• Improve operational efficiency
• Lower operating costs
Finding and implementing the right technology solution,
however, presents a third product/profit challenge.
Identifying technology that produces these results
requires specific domain expertise that usually does not
reside inside the enterprise.
The product-to-market revolution requires a best-fit
technology-based solution that produces the right results
for everyone involved—oil company, hauler, and vendor.
Product and trucks are kept moving in the most economic
fashion, and vendors maintain optimum inventory levels.
The solution must integrate currently disparate aspects of
product scheduling, pricing, and distribution into a single
The right system for this integration automates large
portions of scheduling, pricing, and delivery for Vendor
Managed Inventory (VMI) customers1
and allows Non-VMI
customers to cost effectively order and pick up product.
An effective system enables the oil company to move away
from overreliance on demand forecasts and to maintain
strong control over scheduling and pricing through
powerful analytics and near-real-time data dashboards.
Based on our experience and understanding of best
practices, the best approach for revolutionizing the
product-to-market process is a four-way combination of
advanced technologies and innovative business models at
the service of oil and gas companies and haulers. While
each component offers key value by itself,the combination
creates additional synergies to produce benefits that are
greater than the sum of the parts.
The four components of a revolutionary product-to-
market system are:
• Outsourced Distribution Operation
• Shared Fleet Model
• Dynamic Scheduling and Routing
• Dynamic Slot Booking and Pricing
Outsourced Distribution Operation
In order to solve the first product/pricing challenge
by eliminating a large, complex in-house distribution
operation, downstream enterprises in many oil and gas
majors are outsourcing non-core activities in order to
Customers to whom the supplier is responsible for maintaining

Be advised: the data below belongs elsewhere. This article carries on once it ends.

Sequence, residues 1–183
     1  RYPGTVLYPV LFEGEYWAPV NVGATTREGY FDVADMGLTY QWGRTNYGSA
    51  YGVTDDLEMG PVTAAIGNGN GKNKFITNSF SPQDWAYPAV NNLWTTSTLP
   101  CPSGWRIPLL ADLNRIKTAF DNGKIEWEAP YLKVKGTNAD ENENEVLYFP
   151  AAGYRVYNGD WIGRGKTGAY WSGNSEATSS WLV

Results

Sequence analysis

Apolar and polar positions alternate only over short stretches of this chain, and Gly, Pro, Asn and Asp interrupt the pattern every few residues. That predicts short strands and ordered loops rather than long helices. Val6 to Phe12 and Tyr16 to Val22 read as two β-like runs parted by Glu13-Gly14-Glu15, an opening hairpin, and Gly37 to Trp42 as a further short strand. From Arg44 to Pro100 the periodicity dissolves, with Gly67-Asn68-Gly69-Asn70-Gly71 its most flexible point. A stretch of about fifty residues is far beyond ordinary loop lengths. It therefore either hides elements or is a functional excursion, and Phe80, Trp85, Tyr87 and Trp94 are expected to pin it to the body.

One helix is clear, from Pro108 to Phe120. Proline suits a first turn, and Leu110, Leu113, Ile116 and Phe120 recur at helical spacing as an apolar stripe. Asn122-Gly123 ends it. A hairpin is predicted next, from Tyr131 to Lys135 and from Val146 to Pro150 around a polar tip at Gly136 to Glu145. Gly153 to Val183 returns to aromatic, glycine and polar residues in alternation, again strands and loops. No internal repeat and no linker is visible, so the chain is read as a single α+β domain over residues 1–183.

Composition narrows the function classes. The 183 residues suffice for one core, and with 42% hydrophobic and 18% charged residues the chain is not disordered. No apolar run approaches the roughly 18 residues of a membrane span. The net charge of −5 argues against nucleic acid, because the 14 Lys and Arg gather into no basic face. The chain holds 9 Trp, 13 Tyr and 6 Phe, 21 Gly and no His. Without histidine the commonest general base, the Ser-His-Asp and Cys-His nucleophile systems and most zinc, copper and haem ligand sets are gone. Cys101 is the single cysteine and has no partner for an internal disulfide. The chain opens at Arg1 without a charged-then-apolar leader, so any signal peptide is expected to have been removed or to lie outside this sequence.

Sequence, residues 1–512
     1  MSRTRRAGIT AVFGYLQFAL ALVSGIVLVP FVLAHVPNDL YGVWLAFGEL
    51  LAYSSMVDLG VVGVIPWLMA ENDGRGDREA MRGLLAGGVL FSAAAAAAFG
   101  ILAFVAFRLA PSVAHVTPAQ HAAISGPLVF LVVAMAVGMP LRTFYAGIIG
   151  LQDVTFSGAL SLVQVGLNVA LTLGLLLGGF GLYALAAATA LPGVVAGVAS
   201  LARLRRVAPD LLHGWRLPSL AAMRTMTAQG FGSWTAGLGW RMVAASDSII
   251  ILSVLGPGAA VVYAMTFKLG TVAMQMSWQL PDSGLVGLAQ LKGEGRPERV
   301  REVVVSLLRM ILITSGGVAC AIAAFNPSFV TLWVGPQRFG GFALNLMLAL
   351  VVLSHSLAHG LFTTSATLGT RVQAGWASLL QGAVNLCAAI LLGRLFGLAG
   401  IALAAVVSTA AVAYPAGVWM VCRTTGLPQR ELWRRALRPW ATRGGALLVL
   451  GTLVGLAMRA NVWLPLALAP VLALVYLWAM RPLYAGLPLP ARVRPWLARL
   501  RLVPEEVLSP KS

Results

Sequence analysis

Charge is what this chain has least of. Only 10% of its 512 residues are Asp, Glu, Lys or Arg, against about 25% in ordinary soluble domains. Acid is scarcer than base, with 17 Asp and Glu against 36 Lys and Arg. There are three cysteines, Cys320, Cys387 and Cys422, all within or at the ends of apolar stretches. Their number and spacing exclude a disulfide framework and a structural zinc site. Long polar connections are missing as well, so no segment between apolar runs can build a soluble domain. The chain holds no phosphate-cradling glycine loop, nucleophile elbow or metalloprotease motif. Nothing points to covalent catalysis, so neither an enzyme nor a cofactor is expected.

an agreed-upon inventory.
concentrate on higher margin aspects of the supply
An outsourced distribution operation relieves the
organization from the often time-consuming and low value
work involved in managing the scheduling process and the
relationship with the hauler. It enables the business to
manage the operation by exception and put more focus
on their customer care.
Shared Fleet Model
a dedicated in-house fleet, through a service provided by
one or more haulers, or through a combination of these
two. The fleet is limited to movement between depots
and customer sites of a single company. This restriction
suboptimizes fleet utilization and results in a high cost of
delivered product per mile.
Using a shared fleet model allows more efficient movement.
With multiple companies sharing one fleet, more depots
and customer sites are considered during the scheduling
process, which offers better routing opportunities
J.B Heath, “Outsourcing and Asset Disposition: A Proven
Model in the Oil and Gas Industry,” Offshore Technology
Product is loaded from a nearby location directly following a
delivery instead of returning empty to the point of origin.
between different locations and leads to a lower cost per
mile.The shared fleet model offers another (and unique)
opportunity: Vehicles can be used to back-haul,3
their time on the road more productive.
The benefits of the shared fleet model contribute greatly
to higher product volume per mile and better customer
service by reducing the risks of stock outs. Similarly,
operating a shared fleet minimizes negative impacts from
demand forecast inaccuracies.
Dynamic Scheduling and Routing
At present, it is not uncommon for the routing process
to be 1) manual or semi-automatic and 2) spread across
various systems and interfaces.Often,the same individuals